Harry Josephine Giles (b 1986, Walthamstow) grew up in Orkney and considers themself Orcadian. They trained as a theatre director, but has supported themself creating computer games: both professions feed into their dramatic, often playful, poetry. They say ‘my writing is still rooted in that interest in orality and aurality and in meeting an audience.’ Since winning the BBC Slam championship in 2009, they frequently write and perform their verse in a “magpie” version of Scots; a development which has allowed them to begin ‘to express parts of myself that had been hidden away’.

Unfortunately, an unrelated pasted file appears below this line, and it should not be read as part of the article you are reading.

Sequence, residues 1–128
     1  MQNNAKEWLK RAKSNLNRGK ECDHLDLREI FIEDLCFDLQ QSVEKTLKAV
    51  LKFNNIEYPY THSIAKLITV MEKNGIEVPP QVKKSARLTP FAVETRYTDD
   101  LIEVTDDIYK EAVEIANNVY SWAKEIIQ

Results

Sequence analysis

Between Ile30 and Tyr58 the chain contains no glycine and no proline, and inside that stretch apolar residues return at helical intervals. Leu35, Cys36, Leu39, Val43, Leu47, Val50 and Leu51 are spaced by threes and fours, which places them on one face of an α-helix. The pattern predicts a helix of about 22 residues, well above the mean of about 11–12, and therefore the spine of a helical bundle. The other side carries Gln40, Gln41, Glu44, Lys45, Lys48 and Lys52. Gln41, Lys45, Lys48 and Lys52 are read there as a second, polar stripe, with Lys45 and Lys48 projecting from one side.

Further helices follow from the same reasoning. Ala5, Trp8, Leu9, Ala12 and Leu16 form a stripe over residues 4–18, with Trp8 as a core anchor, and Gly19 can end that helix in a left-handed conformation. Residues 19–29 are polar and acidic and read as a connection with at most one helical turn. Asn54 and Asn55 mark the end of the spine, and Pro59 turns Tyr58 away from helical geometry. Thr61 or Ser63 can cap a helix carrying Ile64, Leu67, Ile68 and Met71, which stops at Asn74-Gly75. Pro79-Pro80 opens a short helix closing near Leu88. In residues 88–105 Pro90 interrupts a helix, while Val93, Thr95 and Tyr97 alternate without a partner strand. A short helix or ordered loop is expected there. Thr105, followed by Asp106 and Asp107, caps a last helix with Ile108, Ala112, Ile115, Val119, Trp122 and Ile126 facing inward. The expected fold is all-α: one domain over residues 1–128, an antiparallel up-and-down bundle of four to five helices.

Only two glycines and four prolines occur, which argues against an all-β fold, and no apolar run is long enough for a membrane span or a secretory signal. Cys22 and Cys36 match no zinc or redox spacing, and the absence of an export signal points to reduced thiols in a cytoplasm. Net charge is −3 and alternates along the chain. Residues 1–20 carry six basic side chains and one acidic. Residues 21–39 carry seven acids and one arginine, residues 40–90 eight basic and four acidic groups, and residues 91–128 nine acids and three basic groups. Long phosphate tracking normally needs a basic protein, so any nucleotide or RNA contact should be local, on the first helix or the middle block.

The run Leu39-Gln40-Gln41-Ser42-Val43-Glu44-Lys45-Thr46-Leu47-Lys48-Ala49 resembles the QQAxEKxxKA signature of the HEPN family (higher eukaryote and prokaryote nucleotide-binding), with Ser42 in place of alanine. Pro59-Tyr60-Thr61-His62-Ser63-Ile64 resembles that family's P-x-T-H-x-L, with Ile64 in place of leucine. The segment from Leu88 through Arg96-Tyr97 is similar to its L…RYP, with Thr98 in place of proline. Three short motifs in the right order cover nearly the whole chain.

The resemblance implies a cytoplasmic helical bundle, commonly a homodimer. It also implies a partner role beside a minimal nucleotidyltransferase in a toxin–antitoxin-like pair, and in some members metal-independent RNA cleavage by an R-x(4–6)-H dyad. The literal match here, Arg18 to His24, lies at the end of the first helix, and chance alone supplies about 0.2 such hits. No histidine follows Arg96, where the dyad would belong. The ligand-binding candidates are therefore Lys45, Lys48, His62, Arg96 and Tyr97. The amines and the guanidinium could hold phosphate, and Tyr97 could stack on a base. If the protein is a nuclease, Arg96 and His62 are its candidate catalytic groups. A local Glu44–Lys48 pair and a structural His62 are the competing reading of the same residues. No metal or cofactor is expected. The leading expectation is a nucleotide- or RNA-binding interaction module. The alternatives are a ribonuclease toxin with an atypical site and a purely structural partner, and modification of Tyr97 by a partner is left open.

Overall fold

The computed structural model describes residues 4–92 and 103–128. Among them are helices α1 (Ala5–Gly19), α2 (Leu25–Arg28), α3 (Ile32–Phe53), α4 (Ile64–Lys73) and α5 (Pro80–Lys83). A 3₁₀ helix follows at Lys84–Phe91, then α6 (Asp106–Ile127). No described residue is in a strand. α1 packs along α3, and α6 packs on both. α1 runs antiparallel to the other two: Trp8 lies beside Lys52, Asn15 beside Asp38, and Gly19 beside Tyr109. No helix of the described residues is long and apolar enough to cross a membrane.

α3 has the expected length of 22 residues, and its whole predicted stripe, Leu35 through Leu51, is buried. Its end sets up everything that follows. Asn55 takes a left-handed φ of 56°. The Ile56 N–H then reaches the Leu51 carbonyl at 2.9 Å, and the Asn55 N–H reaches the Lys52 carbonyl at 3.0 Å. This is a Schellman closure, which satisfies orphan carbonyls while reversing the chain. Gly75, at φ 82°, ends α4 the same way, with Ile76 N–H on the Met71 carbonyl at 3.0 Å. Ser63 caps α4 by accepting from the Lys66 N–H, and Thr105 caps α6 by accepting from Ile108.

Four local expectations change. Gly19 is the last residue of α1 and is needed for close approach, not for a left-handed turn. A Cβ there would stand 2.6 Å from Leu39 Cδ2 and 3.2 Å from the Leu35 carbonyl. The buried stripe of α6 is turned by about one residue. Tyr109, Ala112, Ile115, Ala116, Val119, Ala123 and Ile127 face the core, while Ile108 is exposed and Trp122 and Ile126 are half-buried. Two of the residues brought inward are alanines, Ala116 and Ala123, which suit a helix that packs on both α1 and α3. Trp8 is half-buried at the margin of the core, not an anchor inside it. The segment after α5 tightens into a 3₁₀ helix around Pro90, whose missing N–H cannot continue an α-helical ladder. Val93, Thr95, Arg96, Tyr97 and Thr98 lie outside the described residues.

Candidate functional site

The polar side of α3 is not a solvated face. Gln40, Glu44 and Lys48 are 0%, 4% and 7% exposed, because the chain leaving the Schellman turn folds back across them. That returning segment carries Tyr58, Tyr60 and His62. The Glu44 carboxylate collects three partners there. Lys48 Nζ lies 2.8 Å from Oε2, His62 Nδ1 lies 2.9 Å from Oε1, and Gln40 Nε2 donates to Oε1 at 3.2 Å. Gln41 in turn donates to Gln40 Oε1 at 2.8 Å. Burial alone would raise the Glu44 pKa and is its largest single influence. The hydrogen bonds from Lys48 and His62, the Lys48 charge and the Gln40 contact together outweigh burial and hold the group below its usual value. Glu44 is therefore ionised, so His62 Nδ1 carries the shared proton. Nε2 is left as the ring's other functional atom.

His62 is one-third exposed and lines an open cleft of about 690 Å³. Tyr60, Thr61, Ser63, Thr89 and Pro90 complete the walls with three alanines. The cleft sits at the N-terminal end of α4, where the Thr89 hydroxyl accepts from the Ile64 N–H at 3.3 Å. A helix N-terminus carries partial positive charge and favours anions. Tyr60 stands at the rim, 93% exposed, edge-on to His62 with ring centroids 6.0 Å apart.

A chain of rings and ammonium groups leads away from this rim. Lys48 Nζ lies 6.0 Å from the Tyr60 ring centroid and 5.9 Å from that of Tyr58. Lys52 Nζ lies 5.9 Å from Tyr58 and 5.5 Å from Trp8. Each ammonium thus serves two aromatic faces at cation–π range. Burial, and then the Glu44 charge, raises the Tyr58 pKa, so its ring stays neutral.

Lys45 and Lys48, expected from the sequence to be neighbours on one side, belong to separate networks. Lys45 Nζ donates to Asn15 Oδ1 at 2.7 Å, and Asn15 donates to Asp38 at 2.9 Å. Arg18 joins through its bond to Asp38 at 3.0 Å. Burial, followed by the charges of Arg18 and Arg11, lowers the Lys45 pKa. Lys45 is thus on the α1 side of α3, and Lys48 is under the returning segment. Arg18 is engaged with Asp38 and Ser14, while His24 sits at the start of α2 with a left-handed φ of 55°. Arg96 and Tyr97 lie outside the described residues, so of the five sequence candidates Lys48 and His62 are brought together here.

The decision to write in Scots, which is ‘one movement in this problem of how to keep alive linguistic diversity in the era of globalised English’, indicates Giles’ commitment to radical politics. This is also a hallmark of their previous publications – including Oam, a 2013 pamphlet written as part of a residency at Govanhill baths in Glasgow, from which ‘The Hairdest Man in Govanhill’ is taken.
It is with Tonguit, the collection for which they have been shortlisted, that Giles has begun to move outwards from that position: ‘I had a lot of questions about my identity, my home, my language, my struggle with belonging,’ they say ‘and by the end of the book I felt like I had enough answers to do something new.’
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